So Winston writes mainly in Newspeak, this version of English with grammar and vocabulary designed to narrow the range of thought.  The idea is that without the language to express dissent, political crimes, both in thought and deed, will become impossible.  But quickly, before we get into the chicken-and-egg problem of language and thought, I want to pause to ask you to think about this novel's relationship to memory.  Now we know from neuroscience that each time a human memory is accessed, you're remembering it anew; there's no, like, spot in your brain containing that memory, it is formed each time you have it.  And that means that your past really is shaped by your "now", and that at least, to some extent, the Party is right when it says that telling people what they remember does change their memories.

So the Party is manipulating a real structural feature of the human brain, as we learned in our discussion of Gabriel Garcia Marquez's One Hundred Years Of Solitude, "what matters in life is not what happens to you but what you remember and how you remember it."  

Okay, so with that noted, let's turn back to thought.  So, many experts have explored to what extent our ability to think is dependent on language.  In the late 1920's, for instance, the ethnolinguist Edward Sapir began talking in academic circles about his theory that the structure of the language a person uses determines how they perceive and categorize experience.  When his student, Benjamin Whorf, began publishing in the 1950's, this theory became known as the Sapir-Whorf Hypothesis.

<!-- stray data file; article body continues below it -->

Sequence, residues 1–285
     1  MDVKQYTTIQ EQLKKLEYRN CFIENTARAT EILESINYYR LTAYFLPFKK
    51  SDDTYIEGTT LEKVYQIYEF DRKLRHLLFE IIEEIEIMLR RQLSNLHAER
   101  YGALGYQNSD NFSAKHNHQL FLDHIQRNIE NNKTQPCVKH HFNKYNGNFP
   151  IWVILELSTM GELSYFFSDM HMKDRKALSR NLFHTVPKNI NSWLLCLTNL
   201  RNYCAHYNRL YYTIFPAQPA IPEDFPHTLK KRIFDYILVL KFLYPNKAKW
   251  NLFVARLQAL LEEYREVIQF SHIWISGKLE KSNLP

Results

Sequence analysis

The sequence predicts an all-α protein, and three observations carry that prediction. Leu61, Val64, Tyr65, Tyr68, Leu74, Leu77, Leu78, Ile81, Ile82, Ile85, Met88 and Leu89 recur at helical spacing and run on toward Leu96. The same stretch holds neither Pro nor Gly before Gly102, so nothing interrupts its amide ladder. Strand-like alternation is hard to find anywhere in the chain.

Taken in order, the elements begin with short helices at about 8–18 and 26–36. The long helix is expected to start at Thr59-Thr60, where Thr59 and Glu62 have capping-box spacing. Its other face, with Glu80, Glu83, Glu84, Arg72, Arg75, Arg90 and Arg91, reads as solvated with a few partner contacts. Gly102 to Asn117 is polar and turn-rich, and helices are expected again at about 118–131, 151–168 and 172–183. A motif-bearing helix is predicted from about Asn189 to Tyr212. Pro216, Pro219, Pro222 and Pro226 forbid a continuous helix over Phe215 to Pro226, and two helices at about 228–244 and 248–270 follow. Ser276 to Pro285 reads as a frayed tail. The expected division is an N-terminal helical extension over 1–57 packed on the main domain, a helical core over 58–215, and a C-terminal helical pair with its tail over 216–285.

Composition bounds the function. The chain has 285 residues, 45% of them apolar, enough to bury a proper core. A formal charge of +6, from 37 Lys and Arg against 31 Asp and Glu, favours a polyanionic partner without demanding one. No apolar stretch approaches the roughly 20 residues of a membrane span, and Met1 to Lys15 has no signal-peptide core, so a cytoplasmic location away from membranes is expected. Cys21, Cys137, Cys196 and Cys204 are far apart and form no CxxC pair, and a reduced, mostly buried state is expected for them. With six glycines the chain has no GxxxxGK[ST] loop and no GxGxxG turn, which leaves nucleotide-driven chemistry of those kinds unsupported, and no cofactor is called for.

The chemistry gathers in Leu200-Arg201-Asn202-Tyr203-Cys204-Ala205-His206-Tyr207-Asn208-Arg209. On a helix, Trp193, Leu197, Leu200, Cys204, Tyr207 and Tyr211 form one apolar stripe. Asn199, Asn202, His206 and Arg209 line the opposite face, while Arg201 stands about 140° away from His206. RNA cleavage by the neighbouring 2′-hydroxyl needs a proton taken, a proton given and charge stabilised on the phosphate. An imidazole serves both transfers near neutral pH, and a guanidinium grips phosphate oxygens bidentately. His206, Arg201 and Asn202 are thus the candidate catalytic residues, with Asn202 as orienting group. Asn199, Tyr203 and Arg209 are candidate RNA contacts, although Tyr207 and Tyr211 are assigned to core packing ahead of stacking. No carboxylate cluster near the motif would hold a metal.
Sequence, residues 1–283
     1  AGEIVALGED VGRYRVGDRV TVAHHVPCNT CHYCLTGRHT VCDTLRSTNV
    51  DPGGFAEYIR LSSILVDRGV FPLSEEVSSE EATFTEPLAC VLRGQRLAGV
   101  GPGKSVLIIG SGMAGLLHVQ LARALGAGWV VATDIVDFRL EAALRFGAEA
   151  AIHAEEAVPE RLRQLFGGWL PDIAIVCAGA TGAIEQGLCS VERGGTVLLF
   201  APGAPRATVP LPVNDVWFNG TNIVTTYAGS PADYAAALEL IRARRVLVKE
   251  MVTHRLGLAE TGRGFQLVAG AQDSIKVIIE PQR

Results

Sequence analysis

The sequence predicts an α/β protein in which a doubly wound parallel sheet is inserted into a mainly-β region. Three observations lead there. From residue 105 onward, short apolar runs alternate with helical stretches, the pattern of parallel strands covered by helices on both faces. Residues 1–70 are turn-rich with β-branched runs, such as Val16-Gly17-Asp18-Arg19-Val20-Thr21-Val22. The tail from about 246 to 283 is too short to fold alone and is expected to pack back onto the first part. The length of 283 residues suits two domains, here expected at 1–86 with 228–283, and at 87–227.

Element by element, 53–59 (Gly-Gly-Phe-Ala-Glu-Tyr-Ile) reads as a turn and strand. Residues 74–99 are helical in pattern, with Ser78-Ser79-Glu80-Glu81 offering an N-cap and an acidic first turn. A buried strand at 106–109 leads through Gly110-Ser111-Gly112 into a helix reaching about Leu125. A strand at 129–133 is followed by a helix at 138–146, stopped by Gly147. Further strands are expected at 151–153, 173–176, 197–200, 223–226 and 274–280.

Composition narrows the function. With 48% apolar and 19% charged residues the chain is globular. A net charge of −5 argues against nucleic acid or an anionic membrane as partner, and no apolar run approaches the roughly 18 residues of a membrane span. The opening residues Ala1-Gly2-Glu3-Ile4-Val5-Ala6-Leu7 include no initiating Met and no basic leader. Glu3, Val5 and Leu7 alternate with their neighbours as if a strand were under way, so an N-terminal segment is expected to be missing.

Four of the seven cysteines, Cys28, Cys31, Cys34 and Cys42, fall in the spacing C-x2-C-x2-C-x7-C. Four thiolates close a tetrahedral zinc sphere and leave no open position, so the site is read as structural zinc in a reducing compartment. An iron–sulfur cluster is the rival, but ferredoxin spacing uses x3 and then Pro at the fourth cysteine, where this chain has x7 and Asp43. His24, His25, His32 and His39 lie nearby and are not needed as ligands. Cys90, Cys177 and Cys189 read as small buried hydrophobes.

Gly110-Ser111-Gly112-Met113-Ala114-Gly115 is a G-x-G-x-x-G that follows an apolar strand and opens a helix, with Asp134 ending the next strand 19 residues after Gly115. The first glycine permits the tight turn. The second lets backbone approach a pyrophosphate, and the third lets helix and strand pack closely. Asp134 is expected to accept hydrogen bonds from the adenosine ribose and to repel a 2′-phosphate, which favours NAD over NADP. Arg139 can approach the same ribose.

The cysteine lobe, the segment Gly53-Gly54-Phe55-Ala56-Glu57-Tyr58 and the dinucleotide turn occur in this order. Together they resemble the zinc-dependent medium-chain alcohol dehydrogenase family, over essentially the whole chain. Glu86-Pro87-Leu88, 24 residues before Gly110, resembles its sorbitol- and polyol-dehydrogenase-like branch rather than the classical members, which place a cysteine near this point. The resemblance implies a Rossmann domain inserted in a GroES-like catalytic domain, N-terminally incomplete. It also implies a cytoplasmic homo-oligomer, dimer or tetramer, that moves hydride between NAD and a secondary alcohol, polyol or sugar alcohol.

Then in the 1960's, Noam Chomsky questioned the premise of this theory, arguing that humans are born with an innate knowledge of grammar that forms the basis for language acquisition.  By 1994, Steven Pinker was arguing that language is a basic instinct, and that the ability to understand, manipulate, and add to it based on one's own experience is an expression of one's humanity.  In fact he wrote a book called The Language Instinct.

But before any of those theories were published, Orwell was also thinking about the relationship between instinct and language.  Let's go to the Thought Bubble.

 Thought Bubble: Instinct

The word "instinct" appears 31 times in 1984.  Winston is a creature of instinct, and his strongest instinct is to survive; "To hang on from day to day and from week to week, spinning out a present that had no future, seemed an unconquerable instinct, just as one's lungs will always draw the next breath so long as there is air available."

Winston instinctively understands that his society is inhumane.

"It might be true that the average human being was better off now than they had been before the revolution.  The only evidence to the contrary was the mute protest in your own bones, the instinctive feeling that the conditions you lived in were intolerable and that at some other time they must have been different."